A compositional technique interspersing the primary diatonic pitches and chords with other pitches of the chromatic scale

"Chromaticism" is a pivotal concept in music theory and composition that significantly influences the character and depth of musical compositions. At its core, chromaticism involves the inclusion of notes or pitches that deviate from the traditional diatonic scale associated with a particular key. In other words, it introduces tones that don't naturally belong to the standard scale of a given key, which can infuse music with tension, emotion, and expressive potential.

This concept is particularly essential for understanding the richness and complexity of Western classical, jazz, and contemporary music. Chromaticism allows composers and musicians to paint with a broader tonal palette, creating subtle shades of color and emotional nuance within their compositions.

Chromatic notes, often indicated by accidentals such as sharps (♯) or flats (♭), enrich musical phrases by introducing notes that are a half step (one semitone) away from their neighboring diatonic tones. These chromatic notes can be skillfully employed in various ways:

  • Tonal Color and Expression: Chromaticism adds depth to music by creating moments of tension, dissonance, or unexpected harmonic progressions. It allows composers and performers to evoke specific emotions or moods. For example, a chromatic passing tone may convey a sense of yearning or longing in a melody.
  • Chromatic Scales: Chromatic scales consist of consecutive chromatic notes, including all twelve tones within an octave. These scales are often used for melodic or harmonic embellishments, lending a sense of unpredictability and sophistication to compositions.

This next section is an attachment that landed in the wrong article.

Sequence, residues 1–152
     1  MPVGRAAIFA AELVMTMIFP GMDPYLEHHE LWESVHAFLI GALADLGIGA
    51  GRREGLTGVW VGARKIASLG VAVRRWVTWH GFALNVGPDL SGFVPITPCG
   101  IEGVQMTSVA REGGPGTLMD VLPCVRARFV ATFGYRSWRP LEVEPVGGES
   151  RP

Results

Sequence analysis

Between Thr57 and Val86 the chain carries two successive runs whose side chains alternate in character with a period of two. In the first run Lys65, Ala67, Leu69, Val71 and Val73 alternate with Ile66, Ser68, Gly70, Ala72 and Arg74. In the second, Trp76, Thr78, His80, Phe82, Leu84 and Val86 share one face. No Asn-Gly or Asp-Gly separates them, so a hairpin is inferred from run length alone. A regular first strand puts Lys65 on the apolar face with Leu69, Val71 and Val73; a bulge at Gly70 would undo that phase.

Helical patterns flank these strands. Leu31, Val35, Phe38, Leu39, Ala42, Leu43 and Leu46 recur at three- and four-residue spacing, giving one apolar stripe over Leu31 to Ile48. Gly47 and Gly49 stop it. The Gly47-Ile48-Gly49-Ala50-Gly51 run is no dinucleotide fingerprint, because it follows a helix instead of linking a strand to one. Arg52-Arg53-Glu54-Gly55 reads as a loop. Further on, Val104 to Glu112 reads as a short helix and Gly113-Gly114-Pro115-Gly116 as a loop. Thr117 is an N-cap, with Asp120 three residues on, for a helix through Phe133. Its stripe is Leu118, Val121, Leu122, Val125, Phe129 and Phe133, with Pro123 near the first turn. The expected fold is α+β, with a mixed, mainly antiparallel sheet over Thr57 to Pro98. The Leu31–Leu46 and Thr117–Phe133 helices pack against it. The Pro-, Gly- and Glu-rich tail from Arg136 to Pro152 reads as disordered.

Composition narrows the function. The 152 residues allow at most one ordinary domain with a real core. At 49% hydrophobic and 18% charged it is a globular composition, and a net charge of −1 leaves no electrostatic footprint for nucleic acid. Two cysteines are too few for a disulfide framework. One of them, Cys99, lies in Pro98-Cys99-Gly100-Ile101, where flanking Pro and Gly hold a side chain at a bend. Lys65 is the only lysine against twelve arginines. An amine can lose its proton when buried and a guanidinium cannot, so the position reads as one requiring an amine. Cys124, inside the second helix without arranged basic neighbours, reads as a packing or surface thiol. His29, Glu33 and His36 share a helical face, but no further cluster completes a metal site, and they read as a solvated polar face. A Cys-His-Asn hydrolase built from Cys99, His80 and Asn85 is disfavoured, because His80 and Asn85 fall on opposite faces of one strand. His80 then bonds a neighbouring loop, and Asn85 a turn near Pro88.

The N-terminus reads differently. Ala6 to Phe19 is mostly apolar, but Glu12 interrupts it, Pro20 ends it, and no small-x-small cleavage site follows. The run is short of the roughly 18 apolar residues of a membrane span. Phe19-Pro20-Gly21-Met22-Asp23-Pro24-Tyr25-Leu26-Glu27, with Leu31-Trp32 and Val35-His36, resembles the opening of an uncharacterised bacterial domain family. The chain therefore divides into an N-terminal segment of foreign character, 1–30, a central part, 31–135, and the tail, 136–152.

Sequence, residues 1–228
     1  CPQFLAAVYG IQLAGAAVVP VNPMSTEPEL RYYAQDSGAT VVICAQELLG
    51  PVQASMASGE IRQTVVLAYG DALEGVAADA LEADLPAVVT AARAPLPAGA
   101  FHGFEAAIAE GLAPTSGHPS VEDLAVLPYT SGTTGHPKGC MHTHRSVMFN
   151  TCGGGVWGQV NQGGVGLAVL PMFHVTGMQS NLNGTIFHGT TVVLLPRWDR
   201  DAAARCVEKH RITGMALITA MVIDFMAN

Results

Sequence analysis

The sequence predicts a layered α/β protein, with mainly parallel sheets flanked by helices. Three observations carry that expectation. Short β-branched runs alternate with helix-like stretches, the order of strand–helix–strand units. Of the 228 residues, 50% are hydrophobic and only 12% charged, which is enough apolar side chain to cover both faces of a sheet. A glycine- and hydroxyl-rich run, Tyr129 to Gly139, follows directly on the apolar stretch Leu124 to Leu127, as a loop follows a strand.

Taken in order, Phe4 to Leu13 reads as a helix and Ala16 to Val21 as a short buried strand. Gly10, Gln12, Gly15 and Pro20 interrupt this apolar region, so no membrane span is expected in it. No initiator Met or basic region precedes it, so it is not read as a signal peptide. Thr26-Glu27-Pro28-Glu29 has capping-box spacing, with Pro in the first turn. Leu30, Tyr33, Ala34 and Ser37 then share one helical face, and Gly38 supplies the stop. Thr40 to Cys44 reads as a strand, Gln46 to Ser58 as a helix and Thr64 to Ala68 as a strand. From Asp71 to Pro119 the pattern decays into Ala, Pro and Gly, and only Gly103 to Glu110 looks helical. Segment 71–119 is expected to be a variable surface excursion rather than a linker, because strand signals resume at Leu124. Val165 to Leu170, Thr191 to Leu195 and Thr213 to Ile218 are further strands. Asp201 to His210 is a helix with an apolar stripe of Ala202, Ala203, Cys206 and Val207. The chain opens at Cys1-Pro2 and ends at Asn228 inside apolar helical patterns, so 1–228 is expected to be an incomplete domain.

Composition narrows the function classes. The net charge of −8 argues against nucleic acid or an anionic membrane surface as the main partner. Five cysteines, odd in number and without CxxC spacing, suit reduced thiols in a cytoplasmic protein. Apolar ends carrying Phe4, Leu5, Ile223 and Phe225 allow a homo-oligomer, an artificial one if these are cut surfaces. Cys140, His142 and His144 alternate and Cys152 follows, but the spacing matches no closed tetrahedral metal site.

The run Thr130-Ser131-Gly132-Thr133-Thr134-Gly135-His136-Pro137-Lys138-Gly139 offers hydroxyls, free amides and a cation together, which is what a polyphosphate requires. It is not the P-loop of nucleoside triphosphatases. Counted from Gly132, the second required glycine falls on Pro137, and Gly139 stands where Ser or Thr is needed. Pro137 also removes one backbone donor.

• Chromatic Chords: The introduction of chromatic notes can lead to the formation of chromatic chords, which extend beyond the conventional diatonic triads or seventh chords. Examples include augmented chords and diminished seventh chords, which introduce distinctive tonal colors and dissonance.
  • Passing Tones and Non-Harmonic Tones: Chromatic notes frequently serve as passing tones, elegantly connecting two diatonic notes within a musical phrase. They can also function as non-harmonic or non-chord tones, adding ornamentation, tension, or surprise.
  • Harmonic Modulation: Chromaticism plays a vital role in harmonic modulation, allowing composers to shift seamlessly between keys within a composition. The introduction of chromatic chords or notes from different keys facilitates these transitions.
  • Diverse Musical Styles: Chromaticism is not confined to a single musical style. It is evident in classical compositions from the Romantic era, where it was employed to convey intense emotions. In jazz and blues, chromaticism is a cornerstone of improvisation, enabling musicians to explore harmonic variations.

In musical notation, chromatic notes are indicated by the use of accidentals, such as sharps or flats, to signal that a note should be played a half step higher or lower than its standard diatonic pitch. This notation system allows composers and performers to precisely communicate their musical intentions.

Example of Chromaticism

How to Compose Music - Lesson 6 - Harmonic Progressions and Chromaticism